O’Neal also received approval to install gates and camera systems at Horseshoe Bend and Tammen Park. The county chose Mountain Valley Systems for the bid of $15,654. Mountain Valley currently runs the security cameras at the other facilities.

Both parks are getting camera systems, but the gate is being installed at Horseshoe Bend.
“Horseshoe Bend is kinda secluded and dark. I think it needs the same attention as Tom Boyd Park,” stated Post One Earl Johnson.

To prevent anyone from becoming stuck in the park after hours, a sign will be put up to warn everyone. They also plan to speak with Public Works to identify a potential turnaround area.

West First and Summit Street closed Monday and Tuesday for water main repairs.

Downtown Blue Ridge, Press Release

BLUE RIDGE, Ga.- Fannin County EMS has issued a notice stating the corner of West First Street and Summit Street will be closed for water water main repairs on Monday and Tuesday.

 

PRESS RELEASE

The intersection of West First and Summit Street will be closed Monday April 22 and Tuesday April 23. The city of Blue Ridge will have a contractor on site to make a water main repair.

FetchYourNews.com attracts more than 300,000 page views and 3.5 million impressions per month for ad server. FYNTV attracts approximately 15,000 to 60,000 per week Facebook page reach. For the most effective, least expensive local advertising, call 706-276-6397 or email [email protected].

Fire & Ice Chili Cook-Off gets better every year

Community, Festivals

Blue Ridge GA hosted the 9th annual Fire & Ice Chili Cook-Off on Saturday, February 16, 2019 in beautiful downtown City Park. Although it started out as a dreary, gray sky day, by afternoon the sun shown through the clouds for the estimated 7,000+ visitors who came to Blue Ridge from as far away as Douglasville, Augusta, Lafayette, and surrounding neighbor states.

The festivities began at 11 a.m. Chili cook-off judging was 4 p.m.

The Blue Ridge Business Association along with the Fannin Chamber of Commerce partnered to host this year’s event making it one of the largest and best the city has seen so far.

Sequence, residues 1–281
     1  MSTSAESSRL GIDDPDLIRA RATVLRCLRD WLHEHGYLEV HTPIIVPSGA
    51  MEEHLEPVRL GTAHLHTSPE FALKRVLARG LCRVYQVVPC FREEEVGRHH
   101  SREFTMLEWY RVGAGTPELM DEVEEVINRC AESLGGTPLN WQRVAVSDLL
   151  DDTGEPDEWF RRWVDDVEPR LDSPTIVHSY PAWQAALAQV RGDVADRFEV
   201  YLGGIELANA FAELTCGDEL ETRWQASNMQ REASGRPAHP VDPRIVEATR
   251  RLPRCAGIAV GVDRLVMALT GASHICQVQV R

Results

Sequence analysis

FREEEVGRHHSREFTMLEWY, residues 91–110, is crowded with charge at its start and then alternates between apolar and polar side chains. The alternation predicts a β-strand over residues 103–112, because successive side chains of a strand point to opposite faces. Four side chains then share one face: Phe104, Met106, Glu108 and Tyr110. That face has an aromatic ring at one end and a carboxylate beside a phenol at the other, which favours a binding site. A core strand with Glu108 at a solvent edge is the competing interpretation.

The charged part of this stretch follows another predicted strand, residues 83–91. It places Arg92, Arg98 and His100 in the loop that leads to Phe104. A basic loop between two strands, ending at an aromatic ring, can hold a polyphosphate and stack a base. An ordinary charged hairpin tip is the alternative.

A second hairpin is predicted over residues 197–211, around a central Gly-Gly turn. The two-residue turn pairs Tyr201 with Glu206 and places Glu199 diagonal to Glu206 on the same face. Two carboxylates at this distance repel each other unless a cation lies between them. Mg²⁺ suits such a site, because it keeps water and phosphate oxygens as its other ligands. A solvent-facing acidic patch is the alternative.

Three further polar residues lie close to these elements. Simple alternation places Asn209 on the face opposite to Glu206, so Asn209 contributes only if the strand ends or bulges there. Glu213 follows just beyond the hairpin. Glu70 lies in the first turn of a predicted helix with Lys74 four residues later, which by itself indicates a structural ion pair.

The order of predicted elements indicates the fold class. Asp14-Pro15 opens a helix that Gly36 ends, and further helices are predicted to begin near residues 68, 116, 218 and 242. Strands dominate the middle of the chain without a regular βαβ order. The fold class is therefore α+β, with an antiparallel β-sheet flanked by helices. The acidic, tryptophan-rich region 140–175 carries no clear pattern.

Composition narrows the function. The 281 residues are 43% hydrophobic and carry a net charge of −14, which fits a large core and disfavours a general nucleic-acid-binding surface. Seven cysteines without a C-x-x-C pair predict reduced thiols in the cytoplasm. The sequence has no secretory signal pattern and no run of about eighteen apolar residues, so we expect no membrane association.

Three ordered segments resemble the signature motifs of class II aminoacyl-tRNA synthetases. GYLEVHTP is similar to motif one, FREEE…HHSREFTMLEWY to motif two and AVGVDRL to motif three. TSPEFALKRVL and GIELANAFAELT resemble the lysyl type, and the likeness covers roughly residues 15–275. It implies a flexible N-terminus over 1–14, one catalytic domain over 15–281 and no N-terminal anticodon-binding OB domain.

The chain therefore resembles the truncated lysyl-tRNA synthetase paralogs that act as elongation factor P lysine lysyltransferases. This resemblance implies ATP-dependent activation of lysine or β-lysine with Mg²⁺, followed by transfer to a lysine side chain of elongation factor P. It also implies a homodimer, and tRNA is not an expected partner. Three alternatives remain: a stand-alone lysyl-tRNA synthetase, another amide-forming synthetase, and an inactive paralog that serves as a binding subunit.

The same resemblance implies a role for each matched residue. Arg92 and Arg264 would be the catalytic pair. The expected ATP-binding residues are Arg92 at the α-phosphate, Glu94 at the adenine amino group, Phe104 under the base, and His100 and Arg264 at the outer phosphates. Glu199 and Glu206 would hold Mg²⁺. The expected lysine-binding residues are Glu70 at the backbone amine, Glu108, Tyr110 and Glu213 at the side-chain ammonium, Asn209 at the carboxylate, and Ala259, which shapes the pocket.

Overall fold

The judges for this year’s chili cook-off were:

  • Austin Ramsey, former head chef at Black Sheep.
  • Rick Skelton, Chair of Blue Ridge Planning and Zoning Board as well as Board of Appeals.
  • State Senator Steve Gooch.
  • Sarah Auman, owner of ‘Out of the Blue’.
  • Jane Waley, owner of Sycamore Crossing.

These esteemed judges voted in the following categories “on 5 attributes: aroma, color, taste, texture and aftertaste”:

  • Individual Adult.
  • Team Adult.
  • Civic Team.
  • Restaurants.

Visitors cast their votes for their favorite tasting chili in the ‘People’s Choice Award’.

This year’s contestants included:

  • Black Sheep.
  • Blue Jeans Pizza & Pasta.
  • Blue Ridge Brewery
  • Blue Ridge Parade of Homes.
  • Cameron Hall of Ellijay
  • Chester Brunnenmeyer’s Bar & Grill.
  • Chris Adgate.
  • Chuck’s Moonshine Chili.
  • Flying Trout Restaurant.
  • Grandpa Bill’s Wild Turkey Chili.
  • Grillin Gangsters.
  • Grumpy Old Men Brewing.
  • HempWorx.
  • Hot House Missionary Baptist Church.
  • Kevin Backus.
  • Mercier Orchards.
  • Pit Stop Chili.
  • Project Chimps.
  • Reggie Berry.
  • The Blue Coyote Bar & Grill.
  • Treo Blue Ridge.

Chili Cook-off tickets were $10 each. Beer and/or a glass of wine tickets were $6.

The businesses serving beer/wine with approved tickets were Grumpy Old Men, Fannin Brewing, Mercier’s Hard Cider, and Arches Brewing.

Placed around downtown Blue Ridge were carved rock ice statues. These beautiful pieces of art were created by ‘Rock on Ice’ Master Food Artist/ Professional Ice Carver, Titus Arensberg, from Sunbury, OH. He held several demonstrations throughout the event showing off his craft to an eager audience. All ice sculptures were carved with a chain saw making each one an amazing piece of art. In his 7th appearance for Fire & Ice Chili Cook-off, Arensberg stated he enjoyed coming each year.